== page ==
Linda McMahon has made a serious error. She has informed us, in no certain terms, what her position on an issue might be.
Up until now, McMahon has resisted the urge to let us know anything about what she thinks about actual issues. For instance, when asked about entitlement reform last month, McMahon said ““Here’s my position: I really do think we’re going to have strengthen all of our entitlement programs, but that’s not really a discussion for the campaign trail.”
This is genius. Without any actual positions for opponents to pick apart or supporters to embrace, voters are free to envision McMahon as whatever candidate they want her to be. It’s like she’s aping Barack Obama’s 2008 campaign, except that Obama really did have an astonishing array of dull, moderate positions that his supporters and opponents both proceeded to ignore entirely. McMahon’s campaign, on the other hand, has decided against having any opinions beyond “Richard Blumenthal is bad in many ways” and “Linda McMahon looks very inoffensive and reasonable, doesn’t she?”
It’s the perfect campaign for our times. “Let’s change Washington! Let’s go! How? We’re not going to discuss it!” McMahon resists easy description, and is not helping us out by labeling herself. Is she a liberal? A moderate? A Tea Partier? I have no idea. Do you? Does anyone? Does Linda herself know? In today’s politics, though, it doesn’t actually matter. Someone who has no label, but is open to passively accepting labels from other groups, can draw support from everywhere without specifically alienating anyone.
I actually suspect that McMahon is a Jodi Rell/Susan Collins-style moderate-to-liberal Republican, in the grand old tradition of the New England GOP. There’s very little to base this on, except that McMahon and her husband gave plenty of money to both Republicans and Democrats over the years, Rell seems to like her, and that she makes her living selling sex and violence on TV. But again, this is mostly a feeling. I don’t actually know. Nobody knows! It’s brilliant.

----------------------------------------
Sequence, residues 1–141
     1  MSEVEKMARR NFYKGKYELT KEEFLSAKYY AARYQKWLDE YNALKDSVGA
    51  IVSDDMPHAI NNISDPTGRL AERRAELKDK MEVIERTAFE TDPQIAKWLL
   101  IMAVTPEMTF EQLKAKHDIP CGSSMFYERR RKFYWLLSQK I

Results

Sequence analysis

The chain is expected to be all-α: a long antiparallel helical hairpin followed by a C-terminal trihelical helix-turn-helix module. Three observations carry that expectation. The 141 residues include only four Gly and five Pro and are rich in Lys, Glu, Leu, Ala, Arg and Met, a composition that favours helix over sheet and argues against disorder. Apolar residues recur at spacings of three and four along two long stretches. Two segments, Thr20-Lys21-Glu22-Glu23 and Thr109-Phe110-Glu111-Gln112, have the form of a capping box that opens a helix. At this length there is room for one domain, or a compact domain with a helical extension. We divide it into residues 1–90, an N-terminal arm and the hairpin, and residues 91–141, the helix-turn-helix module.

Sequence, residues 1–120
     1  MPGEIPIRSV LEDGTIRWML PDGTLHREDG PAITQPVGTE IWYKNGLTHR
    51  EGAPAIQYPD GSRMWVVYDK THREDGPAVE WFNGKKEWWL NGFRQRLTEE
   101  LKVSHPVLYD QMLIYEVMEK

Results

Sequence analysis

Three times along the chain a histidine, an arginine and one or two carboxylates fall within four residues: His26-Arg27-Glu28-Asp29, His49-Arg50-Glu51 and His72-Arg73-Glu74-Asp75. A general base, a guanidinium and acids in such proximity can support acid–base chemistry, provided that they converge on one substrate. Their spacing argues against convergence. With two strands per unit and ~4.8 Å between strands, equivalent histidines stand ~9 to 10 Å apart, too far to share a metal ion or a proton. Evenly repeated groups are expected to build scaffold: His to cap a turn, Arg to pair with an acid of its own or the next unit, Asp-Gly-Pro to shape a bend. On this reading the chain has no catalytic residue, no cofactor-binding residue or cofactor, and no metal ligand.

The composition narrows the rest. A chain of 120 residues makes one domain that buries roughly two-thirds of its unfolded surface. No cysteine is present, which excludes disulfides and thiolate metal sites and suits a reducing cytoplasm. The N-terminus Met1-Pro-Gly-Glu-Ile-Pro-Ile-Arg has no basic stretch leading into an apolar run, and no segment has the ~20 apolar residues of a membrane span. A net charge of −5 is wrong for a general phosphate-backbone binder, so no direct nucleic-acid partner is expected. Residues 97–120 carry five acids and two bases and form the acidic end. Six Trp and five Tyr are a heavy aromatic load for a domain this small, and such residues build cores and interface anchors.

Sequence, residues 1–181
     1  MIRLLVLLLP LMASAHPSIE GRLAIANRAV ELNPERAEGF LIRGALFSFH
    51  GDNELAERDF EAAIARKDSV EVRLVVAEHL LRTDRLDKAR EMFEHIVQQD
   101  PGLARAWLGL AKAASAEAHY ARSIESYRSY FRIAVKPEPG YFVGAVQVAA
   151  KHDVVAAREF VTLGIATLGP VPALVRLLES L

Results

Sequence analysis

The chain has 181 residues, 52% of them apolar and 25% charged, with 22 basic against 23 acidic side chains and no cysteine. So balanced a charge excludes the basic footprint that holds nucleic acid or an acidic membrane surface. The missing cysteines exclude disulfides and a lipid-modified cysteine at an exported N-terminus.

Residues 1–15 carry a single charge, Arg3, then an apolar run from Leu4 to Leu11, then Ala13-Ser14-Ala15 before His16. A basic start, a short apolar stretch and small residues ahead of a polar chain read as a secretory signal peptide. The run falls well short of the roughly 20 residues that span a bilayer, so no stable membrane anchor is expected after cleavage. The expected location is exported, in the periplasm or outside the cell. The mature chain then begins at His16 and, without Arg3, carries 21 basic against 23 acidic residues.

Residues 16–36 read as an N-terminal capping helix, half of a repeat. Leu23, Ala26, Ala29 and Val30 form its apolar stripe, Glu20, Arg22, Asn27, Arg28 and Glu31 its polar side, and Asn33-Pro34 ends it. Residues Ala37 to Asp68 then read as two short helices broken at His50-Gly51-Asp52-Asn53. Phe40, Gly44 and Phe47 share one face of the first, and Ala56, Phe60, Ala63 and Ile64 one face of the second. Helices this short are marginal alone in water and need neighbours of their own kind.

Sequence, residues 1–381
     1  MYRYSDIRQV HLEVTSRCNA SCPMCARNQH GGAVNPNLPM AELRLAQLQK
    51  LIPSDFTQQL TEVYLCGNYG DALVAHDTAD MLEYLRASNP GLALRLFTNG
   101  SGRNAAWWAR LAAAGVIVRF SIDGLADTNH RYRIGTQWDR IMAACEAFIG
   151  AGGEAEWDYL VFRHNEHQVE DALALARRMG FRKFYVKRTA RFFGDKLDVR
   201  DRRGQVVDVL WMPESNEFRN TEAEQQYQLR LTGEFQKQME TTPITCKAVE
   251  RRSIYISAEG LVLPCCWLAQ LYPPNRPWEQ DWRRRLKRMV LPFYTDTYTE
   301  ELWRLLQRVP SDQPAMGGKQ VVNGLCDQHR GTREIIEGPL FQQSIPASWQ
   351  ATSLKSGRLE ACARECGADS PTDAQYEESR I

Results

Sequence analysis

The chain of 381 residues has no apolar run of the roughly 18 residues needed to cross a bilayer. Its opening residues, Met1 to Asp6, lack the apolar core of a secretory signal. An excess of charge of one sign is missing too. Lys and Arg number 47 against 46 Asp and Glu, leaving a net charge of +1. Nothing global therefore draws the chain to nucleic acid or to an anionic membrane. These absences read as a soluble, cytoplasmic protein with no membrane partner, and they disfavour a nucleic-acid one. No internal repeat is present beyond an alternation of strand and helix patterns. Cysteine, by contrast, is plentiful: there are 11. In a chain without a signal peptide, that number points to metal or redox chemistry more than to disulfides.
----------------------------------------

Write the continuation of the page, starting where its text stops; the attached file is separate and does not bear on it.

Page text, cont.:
Of course, she had to go and ruin it. On September 30th, McMahon accepted the endorsement of a conservative business group. On the face of it, this was a perfect McMahon event. She claimed she didn’t seek the endorsement of the group, thereby taking no responsibility for any of its positions, but suggested while accepting that maybe, just maybe, we ought to “review” the minimum wage, and that she wasn’t opposed to not increasing or even reducing it.
This seems like a particularly spineless sort of position, especially in light of her campaign’s subsequent attempts to walk it back. Still, this being the modern campaign era, McMahon’s opponents pounced as soon as it became clear what McMahon thought about something. Blumenthal went on the attack, a commercial was in the can by the next day.
This strange situation says a lot about the state of politics in 2010. Any position at all taken by a candidate is fodder for opponents to get their base riled up, and the last thing McMahon wants is for Democrats and liberal-leaning independents to get interested enough in the race to actually show up to vote in November. She also needs to make sure irate conservatives, who seem to have all the energy this cycle, don’t desert her, while simultaneously dragging in enough moderates and independents to make up for the fact that Connecticut has relatively few tea party types. Any solid position at all is a threat to this delicate balance. McMahon has to tread very carefully to let voters think that she’s on their side, whatever side that might be.
So far, she’s done a remarkably good job. This “gaffe” is news precisely because it’s so rare, and it’s likely that it won’t happen again if McMahon can help it. She seems ready to shut the media out when she needs to, and anyone looking forward to the debates as another way to pin McMahon down should prepare to be bored by the usual vague generalities. She has spent obscene amounts of money drowning us in direct mail and putting her smiling face all over the Internet, it will take a lot to throw her off course now.
We will eventually find out what McMahon stands for. At some point, it will come out, as it always does. It will just happen long after the election is over, and she has to finally cast a yes or no vote. Unless, of course, the U.S. Senate decides to allow members to vote “maybe.”
Susan Bigelow is the former owner/author of Connecticut Local Politics. She lives in Enfield with her wife and cats.